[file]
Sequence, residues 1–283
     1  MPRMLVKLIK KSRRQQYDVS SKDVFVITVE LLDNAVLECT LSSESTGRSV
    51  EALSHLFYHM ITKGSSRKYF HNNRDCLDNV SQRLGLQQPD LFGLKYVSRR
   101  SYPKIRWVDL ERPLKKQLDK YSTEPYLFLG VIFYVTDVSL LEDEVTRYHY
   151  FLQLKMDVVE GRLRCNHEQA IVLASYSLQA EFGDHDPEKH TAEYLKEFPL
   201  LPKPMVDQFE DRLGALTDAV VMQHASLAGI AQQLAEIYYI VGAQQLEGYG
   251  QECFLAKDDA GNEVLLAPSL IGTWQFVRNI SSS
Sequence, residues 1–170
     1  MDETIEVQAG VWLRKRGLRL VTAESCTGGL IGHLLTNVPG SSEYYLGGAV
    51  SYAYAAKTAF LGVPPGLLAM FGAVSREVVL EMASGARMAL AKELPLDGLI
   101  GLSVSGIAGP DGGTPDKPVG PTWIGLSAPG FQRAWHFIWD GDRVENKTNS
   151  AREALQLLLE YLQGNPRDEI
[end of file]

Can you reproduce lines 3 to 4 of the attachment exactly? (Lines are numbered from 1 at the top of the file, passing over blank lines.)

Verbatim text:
    51  EALSHLFYHM ITKGSSRKYF HNNRDCLDNV SQRLGLQQPD LFGLKYVSRR
   101  SYPKIRWVDL ERPLKKQLDK YSTEPYLFLG VIFYVTDVSL LEDEVTRYHY